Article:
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describe any surer way of frustrating the referendum result and ultimately remaining in the european union than to accept a hotel california brexit deal, which ensures that we can never truly leave the eu with all of its manipulative entangled and undemocratic practices? >> can i say to my honorable friend. we're leaving the european union on march 29th, 2019 and we have a future relationship with the british people's referendum and we will come agricultural policies and other policies i have referred to previously. we will be leaving on the 29th
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of march, 2019. >> thank you, mr. speaker. the withdrawal agreement that the prime minister is sending to us today is not in the national interest and it's clear it's not going to make us better off. she may not be aware overnight poll that shows 63% of the british public are against this deal, with 64% favoring a people's vote, if the deal is rejected. it's clear from the contributions this morning, what is going to happen in this house. will she now listen to the millions of people across our country and give them a say what brexit will actually mean rather than on the false promises that the vote to leave was predicated upon? >> honorable lady, the documents actually were published yesterday evening, which pages of the withdrawal agreement and outline of the political declaration and the joint statement, but she once again, the assumption is that we should in some sense try to go back on the vote that the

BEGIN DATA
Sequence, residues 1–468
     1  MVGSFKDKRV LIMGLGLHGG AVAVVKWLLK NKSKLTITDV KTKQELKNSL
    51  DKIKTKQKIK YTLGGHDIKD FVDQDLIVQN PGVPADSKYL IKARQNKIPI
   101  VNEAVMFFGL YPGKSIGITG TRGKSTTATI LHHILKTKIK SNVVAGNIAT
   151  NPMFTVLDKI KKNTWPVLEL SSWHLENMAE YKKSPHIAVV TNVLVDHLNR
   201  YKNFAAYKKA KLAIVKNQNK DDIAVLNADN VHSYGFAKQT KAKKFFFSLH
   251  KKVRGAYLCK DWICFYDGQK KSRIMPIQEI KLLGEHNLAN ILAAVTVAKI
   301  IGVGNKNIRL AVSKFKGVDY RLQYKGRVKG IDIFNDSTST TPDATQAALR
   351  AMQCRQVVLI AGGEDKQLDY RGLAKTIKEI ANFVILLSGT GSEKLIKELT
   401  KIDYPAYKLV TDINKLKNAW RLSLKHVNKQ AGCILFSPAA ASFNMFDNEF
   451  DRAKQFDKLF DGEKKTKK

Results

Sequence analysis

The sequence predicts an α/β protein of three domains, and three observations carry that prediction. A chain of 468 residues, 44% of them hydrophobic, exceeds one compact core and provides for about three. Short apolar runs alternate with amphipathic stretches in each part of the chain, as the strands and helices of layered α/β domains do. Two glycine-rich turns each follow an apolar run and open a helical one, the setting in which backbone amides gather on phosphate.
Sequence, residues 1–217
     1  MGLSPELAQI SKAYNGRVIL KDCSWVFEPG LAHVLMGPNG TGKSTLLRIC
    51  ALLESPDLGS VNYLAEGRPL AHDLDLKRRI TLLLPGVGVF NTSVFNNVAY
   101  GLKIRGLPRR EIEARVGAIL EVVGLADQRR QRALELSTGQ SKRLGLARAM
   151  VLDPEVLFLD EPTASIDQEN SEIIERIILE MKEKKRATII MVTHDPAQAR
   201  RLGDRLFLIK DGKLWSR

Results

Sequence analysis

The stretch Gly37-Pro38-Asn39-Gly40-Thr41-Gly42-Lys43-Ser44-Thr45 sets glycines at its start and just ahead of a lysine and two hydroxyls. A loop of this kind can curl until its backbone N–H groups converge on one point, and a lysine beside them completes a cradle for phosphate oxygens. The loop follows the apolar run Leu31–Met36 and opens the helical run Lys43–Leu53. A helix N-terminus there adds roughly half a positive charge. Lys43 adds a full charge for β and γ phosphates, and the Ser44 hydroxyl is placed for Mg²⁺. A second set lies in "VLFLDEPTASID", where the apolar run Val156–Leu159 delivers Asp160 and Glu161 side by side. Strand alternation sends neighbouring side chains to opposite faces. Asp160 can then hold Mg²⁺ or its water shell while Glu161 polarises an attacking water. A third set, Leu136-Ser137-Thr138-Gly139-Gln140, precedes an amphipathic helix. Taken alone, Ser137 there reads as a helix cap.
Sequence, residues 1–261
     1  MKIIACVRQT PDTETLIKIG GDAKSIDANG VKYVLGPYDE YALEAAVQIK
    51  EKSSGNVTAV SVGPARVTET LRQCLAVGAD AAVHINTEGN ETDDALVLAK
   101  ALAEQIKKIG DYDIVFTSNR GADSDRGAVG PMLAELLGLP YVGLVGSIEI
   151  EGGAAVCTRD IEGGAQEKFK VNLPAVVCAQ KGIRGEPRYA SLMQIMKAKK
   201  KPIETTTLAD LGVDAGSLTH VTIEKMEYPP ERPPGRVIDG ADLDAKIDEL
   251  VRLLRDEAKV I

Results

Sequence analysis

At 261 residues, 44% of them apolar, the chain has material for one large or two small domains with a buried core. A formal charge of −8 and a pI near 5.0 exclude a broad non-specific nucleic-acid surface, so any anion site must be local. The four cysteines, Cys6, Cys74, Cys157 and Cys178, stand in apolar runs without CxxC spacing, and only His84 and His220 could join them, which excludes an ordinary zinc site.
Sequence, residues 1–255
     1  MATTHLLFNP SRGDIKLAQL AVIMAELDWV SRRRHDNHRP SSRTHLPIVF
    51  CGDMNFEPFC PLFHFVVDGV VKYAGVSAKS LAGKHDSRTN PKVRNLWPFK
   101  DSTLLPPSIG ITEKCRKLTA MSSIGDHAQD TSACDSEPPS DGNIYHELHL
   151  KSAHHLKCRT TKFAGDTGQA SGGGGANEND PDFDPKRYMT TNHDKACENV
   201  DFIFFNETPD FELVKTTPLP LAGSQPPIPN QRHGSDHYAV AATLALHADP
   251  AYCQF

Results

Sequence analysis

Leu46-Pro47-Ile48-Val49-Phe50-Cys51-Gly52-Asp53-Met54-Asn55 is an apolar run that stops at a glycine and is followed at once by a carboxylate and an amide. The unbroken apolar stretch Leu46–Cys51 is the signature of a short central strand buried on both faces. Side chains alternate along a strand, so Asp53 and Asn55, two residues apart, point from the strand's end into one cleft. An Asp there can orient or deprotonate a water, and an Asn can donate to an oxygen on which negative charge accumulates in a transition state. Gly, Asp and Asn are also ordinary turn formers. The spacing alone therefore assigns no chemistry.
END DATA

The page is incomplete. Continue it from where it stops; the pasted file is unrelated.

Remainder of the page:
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british people took. i believe absolutely we should not and we should ensure that we do leave the european union. that was the decision taken by the british people and that's the decision we will deliver on. >> dr. phillip lee. >> when i resigned from the government in june, i called for the suspension of article 50 because i feared this likely parliamentary impasse. i know the prime minister is a thoroughly decent person who has public service running through her veins. with that in mind and with the responsibility of government, could the prime minister outline to me the legal legislative and political requirements of suspending article 50 or indeed, revoking-- >> see the rest of this debate from the british house of commons on our website, find it by typing brexit in the search bar. we'll leave it here to go live in the u.s. senate. senators today considering the nomination of